• Justifying all your text will make your Sections feel fuller, more solid, and more defined. As it is, the text risks becoming blobby and amorphous, and swallowed by uneven whiteness.
  • I would also play with moving sections like D lower, so that it is clearly the "last" step of reading the page.
  • Experiment with keeping the gutters between neighboring sections (as with C and D) about as wide as you have them, while thinning the gutters of same-section contents (as I did in A). The spacing you have between sections C and D feels natural, especially with the section header pushed to the left in my example.
  • 1
    full justification is less legible for people with dyslexia because you get "rivers" in the text – Yvonne Aburrow Apr 14 '16 at 13:22
  • A nice piece to think about! Great argumentation and solutions, thank you very much. Strangely, I had my text justified, but somehow it ended up aligned left on the screenshot as I just noticed now. | I was having a discussion with a friend of mine that discussed the horizontal spacing between groups columns should be as narrow as possible to increase the grouped feeling, just like you advice! All other points noted by you bring some good thoughts to tinker with. Thank you! :) – Sander Schaeffer Apr 14 '16 at 19:30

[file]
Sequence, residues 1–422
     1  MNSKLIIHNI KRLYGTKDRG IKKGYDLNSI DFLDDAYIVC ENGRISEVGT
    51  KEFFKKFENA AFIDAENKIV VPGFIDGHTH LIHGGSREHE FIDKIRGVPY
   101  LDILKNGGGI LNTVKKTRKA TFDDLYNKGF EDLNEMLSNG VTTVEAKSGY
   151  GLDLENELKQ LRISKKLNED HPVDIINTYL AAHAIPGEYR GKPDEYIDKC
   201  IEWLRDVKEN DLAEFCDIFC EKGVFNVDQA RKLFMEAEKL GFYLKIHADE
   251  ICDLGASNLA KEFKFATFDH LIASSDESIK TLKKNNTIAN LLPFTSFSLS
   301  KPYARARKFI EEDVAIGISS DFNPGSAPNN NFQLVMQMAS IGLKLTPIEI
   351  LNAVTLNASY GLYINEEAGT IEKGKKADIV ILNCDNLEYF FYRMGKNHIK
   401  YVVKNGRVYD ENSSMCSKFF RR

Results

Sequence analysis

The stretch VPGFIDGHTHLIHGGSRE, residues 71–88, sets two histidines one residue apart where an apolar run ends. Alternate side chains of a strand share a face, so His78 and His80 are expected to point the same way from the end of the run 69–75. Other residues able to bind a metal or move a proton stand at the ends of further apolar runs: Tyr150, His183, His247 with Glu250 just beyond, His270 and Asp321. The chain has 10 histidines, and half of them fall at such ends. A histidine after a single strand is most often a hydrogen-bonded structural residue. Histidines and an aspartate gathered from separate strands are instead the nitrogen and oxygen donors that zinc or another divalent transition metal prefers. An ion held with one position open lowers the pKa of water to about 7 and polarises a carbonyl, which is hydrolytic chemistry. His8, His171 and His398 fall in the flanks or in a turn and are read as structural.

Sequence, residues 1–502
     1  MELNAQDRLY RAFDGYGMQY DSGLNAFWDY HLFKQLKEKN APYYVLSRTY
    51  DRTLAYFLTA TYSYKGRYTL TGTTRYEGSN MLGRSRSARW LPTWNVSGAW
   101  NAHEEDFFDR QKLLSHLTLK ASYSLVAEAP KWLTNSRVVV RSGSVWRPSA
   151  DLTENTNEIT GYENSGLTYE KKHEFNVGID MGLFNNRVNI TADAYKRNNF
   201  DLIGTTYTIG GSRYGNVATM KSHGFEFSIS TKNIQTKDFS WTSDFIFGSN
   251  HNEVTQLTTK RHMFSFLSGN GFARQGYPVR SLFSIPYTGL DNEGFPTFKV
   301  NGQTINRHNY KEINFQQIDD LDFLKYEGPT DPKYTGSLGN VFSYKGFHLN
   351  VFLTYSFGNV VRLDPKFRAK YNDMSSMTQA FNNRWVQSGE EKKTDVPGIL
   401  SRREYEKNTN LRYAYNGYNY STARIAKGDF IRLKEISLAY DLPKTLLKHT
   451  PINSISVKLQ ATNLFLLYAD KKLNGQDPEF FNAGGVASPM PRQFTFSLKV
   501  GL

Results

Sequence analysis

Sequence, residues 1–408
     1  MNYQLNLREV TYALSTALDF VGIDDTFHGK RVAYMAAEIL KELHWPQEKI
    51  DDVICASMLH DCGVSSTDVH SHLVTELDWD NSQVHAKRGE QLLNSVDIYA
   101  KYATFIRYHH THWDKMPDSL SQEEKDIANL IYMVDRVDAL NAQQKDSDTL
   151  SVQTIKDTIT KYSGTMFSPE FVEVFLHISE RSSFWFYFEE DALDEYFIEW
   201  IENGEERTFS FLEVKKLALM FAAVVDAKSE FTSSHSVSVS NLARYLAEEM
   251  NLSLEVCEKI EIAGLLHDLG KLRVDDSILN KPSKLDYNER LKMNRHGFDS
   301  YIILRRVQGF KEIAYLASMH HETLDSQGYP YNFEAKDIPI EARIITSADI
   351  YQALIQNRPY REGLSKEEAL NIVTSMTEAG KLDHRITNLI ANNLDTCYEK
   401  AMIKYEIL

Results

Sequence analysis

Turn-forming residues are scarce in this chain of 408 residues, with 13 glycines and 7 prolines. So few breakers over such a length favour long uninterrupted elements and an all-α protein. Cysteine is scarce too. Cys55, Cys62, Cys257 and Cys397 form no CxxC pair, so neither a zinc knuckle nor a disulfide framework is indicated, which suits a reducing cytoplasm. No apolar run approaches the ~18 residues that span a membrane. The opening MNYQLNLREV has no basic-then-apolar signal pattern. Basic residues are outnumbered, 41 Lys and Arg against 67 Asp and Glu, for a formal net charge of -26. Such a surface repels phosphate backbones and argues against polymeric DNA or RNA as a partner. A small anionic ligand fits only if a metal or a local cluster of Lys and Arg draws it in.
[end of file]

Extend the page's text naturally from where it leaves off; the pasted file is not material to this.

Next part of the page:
• Very welcome! Glad you find my thoughts helpful. And awesome to hear you were talking about that spacing change already - good design thinks alike. Figuring out the best scheme and conventions to introduce for readers to follow, great thing to get consistent and conscientiously designed. I hope this approach holds up to any page you'll put together, no matter how many Sections, no matter the length of each. Do you have any other pages with different section layout needs that we can compare and generalize with? Let me know what else you're thinking, and keep it up! – Addy Goldberg Apr 15 '16 at 21:23